How to dine in France without leaving Paddington



The red chairs are ready, the silverware sparkling and the kitchen raring to roll out a new modern French gastronomy menu at one of Brisbane's favourite restaurants, Montrachet in Paddington.

With more than 80 awards and medals, Montrachet's new owner Shannon Kellam is odds on Australia's most awarded chef.  Established by Thierry Gallichet in 2004, this is a restaurant with a pedigree and the unusual distinction of being the city's only suburban restaurant closed on weekends.


Shannon Kellam

With 21 years of cooking history, Kellam took over from Gallichet just over two months ago and, with the kitchen now well bedded, has released his own menu. As the current Australian candidate for the international Bocuse d'Or world final in Lyon, he brings innovative precision of an exceptionally high standard to his food and modern French style to Brisbane.

Gone are the heavy sauces replaced with dishes that combine just a few very special flavours very well with vegetables in a staring roll. Around half of the vegetables are selected personally be Kellam from small local producers working ahead to take advantage of the seasons bounty.

From ice cream and butter to bread and even puff pastry, nothing is bought into the kitchen or pre made.  Kellam has filled his kitchen with four chefs from three star Michelin restaurants amongst the six staff in the kitchen.

Montrachet favourites, including steak fritters, beef carpaccio, crab and gruyere souffle and the creme brûlée  still there for your dining pleasure.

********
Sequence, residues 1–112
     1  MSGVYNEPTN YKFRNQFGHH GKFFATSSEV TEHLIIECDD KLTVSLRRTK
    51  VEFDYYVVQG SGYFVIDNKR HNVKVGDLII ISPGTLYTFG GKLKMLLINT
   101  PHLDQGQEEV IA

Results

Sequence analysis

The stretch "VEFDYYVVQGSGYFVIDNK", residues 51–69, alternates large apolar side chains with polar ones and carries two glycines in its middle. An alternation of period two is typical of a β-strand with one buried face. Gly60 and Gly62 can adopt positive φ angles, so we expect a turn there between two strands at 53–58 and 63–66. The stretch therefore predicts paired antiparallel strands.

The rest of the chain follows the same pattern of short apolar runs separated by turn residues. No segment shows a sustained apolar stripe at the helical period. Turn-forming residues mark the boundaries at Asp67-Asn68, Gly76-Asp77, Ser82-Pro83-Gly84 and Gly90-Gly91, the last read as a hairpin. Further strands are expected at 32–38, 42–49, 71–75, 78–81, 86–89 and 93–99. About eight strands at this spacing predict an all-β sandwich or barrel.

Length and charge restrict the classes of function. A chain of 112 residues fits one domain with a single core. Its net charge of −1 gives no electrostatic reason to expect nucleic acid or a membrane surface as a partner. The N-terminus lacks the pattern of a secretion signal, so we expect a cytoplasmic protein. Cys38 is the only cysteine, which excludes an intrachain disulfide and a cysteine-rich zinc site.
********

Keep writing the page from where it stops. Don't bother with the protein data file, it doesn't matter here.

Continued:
First on the table was an interesting concoction with artichoke milk gnocchi with black olive on top of a hand blown glass tube filled with Jerusalem artichoke consomme.





The amuse bouche was foie gras for two - a duck liver parfait with orange marmalade accompanied by mini brick brioches fresh from the oven.




It's a tough call, but my favourite dish was the confit lobster and prawn with citrus and garlic marmalade, celeriac 'ravioli', petit pois, all in a clove butter broth.




Kellam collected the banksia pods used to smoke his Tasmania lamb from the beach at Coolum.  The lamb was accompanied by variations of butternut squash and a deliberately split buttermilk and lamb jus dressing.

Star of the lunch was Kellam's award winning dessert chocolate de passion. It's a Grand Marnier brûlée with passionfruit curd, chocolate hazelnut praline mousse and strawberry sorbet.  At $20 it's not cheap, but worth every cent.  It's also one of the restaurant's most popular dishes with 80 to 100 sold every week.




The second dessert was a mandarin cremeux on a crisp feuilletine base with lemon meringue ice cream.









There are some things that definitely won't be changing at Montrachet, and that includes the decor and weekend trading - it's not going to happen.  Do expect some smart new crockery made especially to order.

Kellam has introduced a new wine machine which means bottles can be opened without removing the cork while the space left by taking out a glass of wine is replaced by gas.  I enjoyed a glass from two imported French wines, one of which sells for $138 a bottle.





Recommended for: Lovers of fine food.

Best tip:  Friday nights are now back at Montrachet as Supper Club, a night when the chefs can show their gastronomic style with creative food.  The menu changes weekly based on the chef's late night Monday inspirations. Expect one sitting and a five course degustation priced at $99 per person. You'll need to book well ahead.

Bottom line: Entrees  $12 to $32, Mains $32 to $42, Desserts $12 to $20.

Ed+bK rating: *****


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Disclaimer: Ed+bK was a guest of Montrachet.

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